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Diraq Opens New Commercial Laboratory in Sydney to Propel Era of Fault Tolerant Quantum Computing

quantum lab opening

Insider Brief

  • Diraq announced the official opening of its new state-of-the-art commercial quantum computing laboratory located on the campus of UNSW in Sydney, Australia.
  • The lab is 200 square meters and provides a low-vibration and interruption-free environment for quantum measurements.
  • Diraq’s lab will help the company leverage today’s semiconductor manufacturing infrastructure to produce silicon chips with billions of qubits.
  • Image: Dr. Cathy Foley, Australia’s Chief Scientist, and The Hon. Ed Husic MP, Australian Minister for Industry & Science, join Diraq founder and CEO Andrew Dzurak (right) at opening of company’s commercial lab.

PRESS RELEASE — Diraq, a global leader in quantum computing using silicon ‘quantum dot’ technology, announced the official opening of its new state-of-the-art commercial quantum computing laboratory located on the campus of UNSW in Sydney, Australia.

Equipped with cutting-edge technology and a team of talented scientists and engineers, the lab is a critical step in realising Diraq’s plans to leverage today’s semiconductor manufacturing infrastructure to produce silicon chips with billions of qubits – the fundamental computational units of quantum computing.

Diraq’s new lab is 200 square meters and provides a low-vibration and interruption-free environment for quantum measurements. The lab contains state-of-the-art equipment for the cryogenic testing and precision measurement of silicon quantum devices, with feature sets that are less than the width of a thousandth of a single human hair.

The Hon. Ed Husic MP, Minister for Industry & Science, joined a number of other dignitaries speaking at the official lab opening event, including The Hon. Matt Thistlethwaite MP, Assistant Minister for Defence, Assistant Minister for Veterans’ Affairs, and Assistant Minister for the Republic; Cathy Foley, Ph.D., Australia’s Chief Scientist; Attila Brungs, Vice-Chancellor & President of UNSW, Sydney; Christophe Jurczak, Ph.D., Founder and Managing Partner of Quantonation, Diraq’s latest private investor; and Diraq’s U.S.-based Chair, The Hon. William (Bill) Jeffrey, Ph.D. Dozens of other officials from venture capital firms, quantum companies, academia and government were also in attendance.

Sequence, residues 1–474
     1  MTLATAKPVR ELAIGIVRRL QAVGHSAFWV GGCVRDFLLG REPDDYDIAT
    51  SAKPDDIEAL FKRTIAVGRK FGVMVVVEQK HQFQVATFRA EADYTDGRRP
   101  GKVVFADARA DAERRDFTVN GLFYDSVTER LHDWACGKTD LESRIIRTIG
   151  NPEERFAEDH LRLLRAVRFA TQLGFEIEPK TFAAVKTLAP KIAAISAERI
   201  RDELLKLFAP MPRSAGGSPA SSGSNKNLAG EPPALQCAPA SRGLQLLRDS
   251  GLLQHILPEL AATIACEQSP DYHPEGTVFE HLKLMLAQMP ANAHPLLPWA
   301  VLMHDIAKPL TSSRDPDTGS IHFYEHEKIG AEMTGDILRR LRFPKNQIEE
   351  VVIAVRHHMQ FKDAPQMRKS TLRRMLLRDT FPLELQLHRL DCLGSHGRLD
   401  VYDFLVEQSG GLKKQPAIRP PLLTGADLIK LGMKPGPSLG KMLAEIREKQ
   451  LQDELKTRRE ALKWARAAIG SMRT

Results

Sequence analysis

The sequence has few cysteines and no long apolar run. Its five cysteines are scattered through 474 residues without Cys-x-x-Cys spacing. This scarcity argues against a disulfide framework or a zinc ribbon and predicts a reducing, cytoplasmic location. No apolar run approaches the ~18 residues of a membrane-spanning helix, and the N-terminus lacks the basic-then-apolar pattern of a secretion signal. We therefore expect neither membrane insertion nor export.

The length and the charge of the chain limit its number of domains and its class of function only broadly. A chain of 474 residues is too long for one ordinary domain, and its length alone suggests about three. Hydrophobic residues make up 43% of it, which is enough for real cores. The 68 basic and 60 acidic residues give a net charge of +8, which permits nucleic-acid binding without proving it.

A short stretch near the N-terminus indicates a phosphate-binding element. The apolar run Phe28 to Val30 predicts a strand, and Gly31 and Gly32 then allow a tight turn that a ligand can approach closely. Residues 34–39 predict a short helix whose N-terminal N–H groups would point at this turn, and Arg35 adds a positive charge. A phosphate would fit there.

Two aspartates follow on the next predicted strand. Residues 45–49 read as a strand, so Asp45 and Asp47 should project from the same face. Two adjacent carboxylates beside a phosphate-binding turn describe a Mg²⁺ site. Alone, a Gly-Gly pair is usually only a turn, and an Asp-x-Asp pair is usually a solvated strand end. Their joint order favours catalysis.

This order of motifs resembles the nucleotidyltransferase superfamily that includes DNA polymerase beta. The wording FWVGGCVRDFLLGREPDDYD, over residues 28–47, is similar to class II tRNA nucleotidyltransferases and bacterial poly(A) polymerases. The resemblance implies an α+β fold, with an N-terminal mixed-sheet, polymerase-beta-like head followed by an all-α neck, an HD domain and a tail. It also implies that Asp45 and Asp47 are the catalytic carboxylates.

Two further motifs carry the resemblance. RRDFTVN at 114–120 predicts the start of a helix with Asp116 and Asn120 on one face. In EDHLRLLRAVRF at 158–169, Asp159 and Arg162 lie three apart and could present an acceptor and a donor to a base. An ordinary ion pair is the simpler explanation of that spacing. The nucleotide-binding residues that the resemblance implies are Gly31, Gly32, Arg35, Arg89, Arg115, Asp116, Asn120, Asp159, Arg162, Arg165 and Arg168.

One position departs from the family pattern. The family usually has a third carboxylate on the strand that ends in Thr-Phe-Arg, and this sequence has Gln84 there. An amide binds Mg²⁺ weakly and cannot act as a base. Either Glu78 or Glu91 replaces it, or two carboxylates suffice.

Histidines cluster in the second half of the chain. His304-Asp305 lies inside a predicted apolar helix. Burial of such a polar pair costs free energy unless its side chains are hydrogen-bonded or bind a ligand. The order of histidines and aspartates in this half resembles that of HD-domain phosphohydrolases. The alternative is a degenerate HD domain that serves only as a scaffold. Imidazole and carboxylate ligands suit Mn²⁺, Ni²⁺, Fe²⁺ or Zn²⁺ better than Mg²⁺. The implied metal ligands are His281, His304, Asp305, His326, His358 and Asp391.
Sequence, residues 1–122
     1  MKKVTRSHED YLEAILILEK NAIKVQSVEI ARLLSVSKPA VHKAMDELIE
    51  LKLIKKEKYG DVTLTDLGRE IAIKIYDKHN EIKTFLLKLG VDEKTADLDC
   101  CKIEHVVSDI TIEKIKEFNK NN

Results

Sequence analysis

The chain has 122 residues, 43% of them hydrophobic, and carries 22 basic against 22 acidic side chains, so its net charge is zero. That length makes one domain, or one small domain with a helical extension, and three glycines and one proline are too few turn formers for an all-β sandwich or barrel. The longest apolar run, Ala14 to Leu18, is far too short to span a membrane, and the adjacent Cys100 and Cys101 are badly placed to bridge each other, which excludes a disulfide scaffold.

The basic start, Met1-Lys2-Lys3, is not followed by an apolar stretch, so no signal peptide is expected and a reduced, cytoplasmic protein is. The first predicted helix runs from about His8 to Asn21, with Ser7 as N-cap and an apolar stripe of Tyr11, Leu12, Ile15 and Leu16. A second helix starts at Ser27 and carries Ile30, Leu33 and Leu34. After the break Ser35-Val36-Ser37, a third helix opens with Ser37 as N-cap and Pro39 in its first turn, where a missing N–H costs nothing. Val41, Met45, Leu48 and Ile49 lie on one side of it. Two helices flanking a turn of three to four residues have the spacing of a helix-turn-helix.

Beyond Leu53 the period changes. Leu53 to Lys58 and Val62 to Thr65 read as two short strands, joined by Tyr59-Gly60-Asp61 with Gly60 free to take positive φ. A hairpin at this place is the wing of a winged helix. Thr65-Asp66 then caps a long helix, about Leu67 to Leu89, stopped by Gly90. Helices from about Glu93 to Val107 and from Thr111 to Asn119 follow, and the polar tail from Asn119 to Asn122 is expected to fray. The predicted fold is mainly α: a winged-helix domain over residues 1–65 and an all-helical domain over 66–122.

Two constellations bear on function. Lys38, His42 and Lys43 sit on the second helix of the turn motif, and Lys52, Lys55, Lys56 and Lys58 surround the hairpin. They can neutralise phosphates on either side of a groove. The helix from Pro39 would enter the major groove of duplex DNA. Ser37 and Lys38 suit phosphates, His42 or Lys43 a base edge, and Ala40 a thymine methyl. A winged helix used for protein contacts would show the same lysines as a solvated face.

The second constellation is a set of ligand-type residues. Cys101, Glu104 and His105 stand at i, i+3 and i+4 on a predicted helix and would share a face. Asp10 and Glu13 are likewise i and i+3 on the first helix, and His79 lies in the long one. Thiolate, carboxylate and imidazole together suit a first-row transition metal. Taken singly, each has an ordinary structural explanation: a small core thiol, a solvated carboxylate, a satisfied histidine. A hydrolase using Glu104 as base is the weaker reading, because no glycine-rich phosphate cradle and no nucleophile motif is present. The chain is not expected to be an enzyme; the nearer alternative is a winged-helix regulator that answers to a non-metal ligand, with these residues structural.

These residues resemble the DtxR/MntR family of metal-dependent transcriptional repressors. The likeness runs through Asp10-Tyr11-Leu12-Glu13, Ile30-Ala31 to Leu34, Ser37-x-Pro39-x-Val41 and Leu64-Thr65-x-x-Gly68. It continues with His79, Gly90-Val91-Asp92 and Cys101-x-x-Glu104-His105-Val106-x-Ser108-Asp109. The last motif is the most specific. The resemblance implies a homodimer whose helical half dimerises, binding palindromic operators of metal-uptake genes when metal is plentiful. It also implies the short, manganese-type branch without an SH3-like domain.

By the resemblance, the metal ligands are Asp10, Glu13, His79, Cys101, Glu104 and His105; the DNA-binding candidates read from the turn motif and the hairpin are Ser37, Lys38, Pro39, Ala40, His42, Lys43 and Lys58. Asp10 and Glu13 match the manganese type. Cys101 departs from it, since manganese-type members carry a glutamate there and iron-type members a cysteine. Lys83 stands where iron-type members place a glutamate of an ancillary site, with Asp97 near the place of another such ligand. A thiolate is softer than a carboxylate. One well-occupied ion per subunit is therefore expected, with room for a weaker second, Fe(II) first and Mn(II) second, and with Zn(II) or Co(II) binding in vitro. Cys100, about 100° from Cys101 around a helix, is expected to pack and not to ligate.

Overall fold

“Quantum computers are now moving closer to the assembly line – they’re a major disruptor on an accelerated path to delivery,” said Dr. Foley. “Companies like Diraq are putting Australia in the top tier of countries to capitalise on this. Andrew Dzurak’s quantum dot technology really is world-leading research.”

“Quantonation is delighted to have recently led Diraq’s recent Series A-2 funding round,” said Jurczak. “We chose to invest in Diraq as we see their technology — spins-in-silicon — as the fastest route to realising fault-tolerant quantum computing capable of delivering quantum’s transformative potential on a commercial scale.”

“We are grateful for the overwhelming support from our partners and well-wishers in this major step forward for our company, as well as for their continuing dedication to a thriving quantum computing ecosystem,” said Andrew Dzurak, CEO and founder of Diraq.

“While other quantum computing approaches involve building large, expensive systems, Diraq is focused on developing small, highly integrated silicon chips that can hold many millions and ultimately billions of qubits on a single chip,” said Dzurak. “Diraq’s advantage is the ability for our technology to be fabricated using the same semiconductor processes used to make the chips in modern electronics.”

“With the launch of our new lab and bolstered by recent funding, Diraq is poised to transition seamlessly from prototype development to producing chips through a standard semiconductor foundry,” said Dzurak. “This strategic advancement positions us at the forefront of the quantum computing landscape in order to realise the full economic and commercial potential of quantum computing.”

In addition to funding from private partners, Diraq has secured grants from the U.S. Army Research Office, as well as Australian Government grants including the CRC-P and QCCF. Total funding of Diraq’s technology is USD $135 million.

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Matt Swayne

With a several-decades long background in journalism and communications, Matt Swayne has worked as a science communicator for an R1 university for more than 12 years, specializing in translating high tech and deep tech for the general audience. He has served as a writer, editor and analyst at The Quantum Insider since its inception. In addition to his service as a science communicator, Matt also develops courses to improve the media and communications skills of scientists and has taught courses. [email protected]

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